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Translation of an Editorial Article in the Turkish Journal "Hilal," 4th April, 1916,
Communicated by the American Committee for Armenian and Syrian Relief

The telegraphic agencies gave us the day before yesterday summary of a lecture given in Vienna by the German deputy Traub, on his return from a journey to Turkey.. After having paid tribute to the military qualities of the Turkish soldiers whom he had occasion to know closely during his stay on the Penisula of Gallipoli, the eminent lecturer expressed the following opinion: "Turkey must not be considered by Europeans as a counttry to be exploited." Mr. Traub added that he was opposed to all misssionary activities in the Turkish Empire.

These words are of the highest value to us, because in proouncing them the Honourable German deputy expressed and recognized the profound change which has taken place in our country during these last years. In stating that foreigners must no longer consider Turkey as a vast field of exploitation, Mr. Traub has shown how the present situation of the Ottoman Empire differs from that of yesterday. At the same time he pointed out the necessity of abandoning the old ideas which had taken root with most Europeans as regards our country.

Turkey has always been considered by foreigners as a country where one could and should enrich himself by every possible means and without any charge or risk. For them it was a vast magnificent fief which was to be exploited as a feudal lord managed his estate. Make as much money as possible, that was the motto of those who came to our country and who, actuated solely by the grasping desire for lucre, had no scruples or were untouched the least noble or elevated considerations.

Whatever this conception may have been, and however reprehensible the conduct was of those to whom we refer, it would be unjust to consider them solely the result of the temperament of the Europeans living in Turkey. The regime of the Capitulations, odious for us, but full of delights for them, had contributed powerfully to form in our guests the strange ideas of which they were possessed. While the Sultan's own subjects had to submit to all kinds of charges and taxes, the foreigners residing in this Empire were not only entirely exempted, but also enjoyed privileges as numerous as they were important. This strange distinction justified the privileged ones in considering the others as creatures whose sole duty was to suffer everything and to assure the happiness of those to whom they had offered their hospitality.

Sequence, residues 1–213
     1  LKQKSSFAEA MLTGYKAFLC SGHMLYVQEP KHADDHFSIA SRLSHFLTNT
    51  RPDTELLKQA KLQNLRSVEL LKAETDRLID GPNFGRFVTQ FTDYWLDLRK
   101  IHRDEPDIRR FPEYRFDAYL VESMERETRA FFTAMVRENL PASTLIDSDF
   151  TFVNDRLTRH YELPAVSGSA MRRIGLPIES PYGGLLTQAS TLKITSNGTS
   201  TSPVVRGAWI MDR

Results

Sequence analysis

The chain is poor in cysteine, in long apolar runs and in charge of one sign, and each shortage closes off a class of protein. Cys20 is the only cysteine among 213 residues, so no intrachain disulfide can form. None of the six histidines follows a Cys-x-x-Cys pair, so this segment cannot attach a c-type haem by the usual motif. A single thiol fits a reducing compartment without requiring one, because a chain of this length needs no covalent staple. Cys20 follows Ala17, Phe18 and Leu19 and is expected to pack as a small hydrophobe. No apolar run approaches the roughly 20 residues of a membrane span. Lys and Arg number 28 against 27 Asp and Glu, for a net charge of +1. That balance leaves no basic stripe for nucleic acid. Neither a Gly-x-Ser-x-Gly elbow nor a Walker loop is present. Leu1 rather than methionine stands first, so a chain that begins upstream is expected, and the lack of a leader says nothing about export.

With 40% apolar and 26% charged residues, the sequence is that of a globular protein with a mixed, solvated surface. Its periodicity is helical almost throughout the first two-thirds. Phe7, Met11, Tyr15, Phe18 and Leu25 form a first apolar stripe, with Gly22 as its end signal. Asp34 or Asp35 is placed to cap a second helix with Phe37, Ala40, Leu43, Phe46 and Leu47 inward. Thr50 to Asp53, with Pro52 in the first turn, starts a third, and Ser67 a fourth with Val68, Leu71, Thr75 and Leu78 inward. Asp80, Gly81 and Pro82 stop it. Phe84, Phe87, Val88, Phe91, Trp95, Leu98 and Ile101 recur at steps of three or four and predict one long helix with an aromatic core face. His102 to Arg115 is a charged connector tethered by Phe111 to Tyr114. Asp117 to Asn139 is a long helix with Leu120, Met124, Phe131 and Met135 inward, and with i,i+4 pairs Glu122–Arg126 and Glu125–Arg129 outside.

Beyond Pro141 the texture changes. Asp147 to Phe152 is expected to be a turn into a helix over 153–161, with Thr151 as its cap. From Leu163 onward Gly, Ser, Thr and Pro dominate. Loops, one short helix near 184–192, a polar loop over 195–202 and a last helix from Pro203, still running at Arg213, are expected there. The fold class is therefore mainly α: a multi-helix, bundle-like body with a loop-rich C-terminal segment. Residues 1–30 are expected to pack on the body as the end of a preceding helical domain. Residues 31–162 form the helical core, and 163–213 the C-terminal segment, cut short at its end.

The Hamidian administration also tended to support the point of view of the foreigners by encouraging tbem and permitting them all sorts of liberties.

The Sovereign, his ministers, and all officers of the adninistration had only one sure object in view, to assure for themselves a brilliant and easy life, without any anxiety. This confession alone.profoundly wounds our national self-respect. We do not hesitate, out of respect for the truth, to call the old regime, which only yesterday was still in force, the shameless exploitation of the Turkish People. As regards the latter, it bore everything, it was incapable of reacting, because it had not yet become self-conscious.

On the eve of the proclamation of the Constitution, Turkey resembled rather closely Peru or Mexico, which, having been conquered by Pizarro and Cortes, respectively, were for many centuries under an administration totally devoid of all scruples.

This situation did not change immediately after the 23rd July, 1908; a new regime had been introduced in Turkey, but a new spirit had not yet entered the mind of the Turkish People. It required- the great shocks of the Balkan War to revolutionise profoundly our souls and to give us self-consciousness. The day when under the influence of anxiety and suffering the Turkish People asked themselves: "What am I? What have I done? What shall I do?" -- that day was the real beginning of the new era for our country.

We need not dwell here at length on the changes which for nearly four years have taken place in all departments in Turkey. It is not our intention to write the history of the evolution of the soul of the Turkish People, and of the progress it has made. What we wish to speak of is the new situation which it has created for the foreigners.

The Turkish People, while it saw its own individuality develop, became conscious of its rights. It suddenly became evident to it that it was the only master in its own house and that nobody should exploit it or displace it in any field. The foreigners were in its eyes nothing but guests, who were entitled to its respect, but whose duty it was to become worthy of the hospitality they were enjoying.

The abolition of the Capitulations was the first manifestation of this new spirit we have just mentioned. Henceforth foreign subjects had to submit to the same burdens as the natives.

The suppression of the schools founded and directed by ecclesiastic missions or by individuals belonging to enemy nations, a measure which followed the abolition of the capitulary regime, was no less important. Thanks to their schools foreigners were able to exercise great moral influence over the young men of the country and they were virtually in charge of the spiritual and intellectual guidance of our country. By closing them the Government has put an end to a situation as humiliating as it was dangerous, a situation which, unfortunately, had already lasted too long. Other measures of a political and economic nature were taken to complete a work which might be called the taking possession of the country by its own sons, who had too long been deprived of their rights.

Thanks to this awakening, a little late but still in time, and. thanks especially to this activity, Turkey has to-day become "Fatherland," like Sweden, Spain, or Switzerland. Our country is no longer an estate or fief for any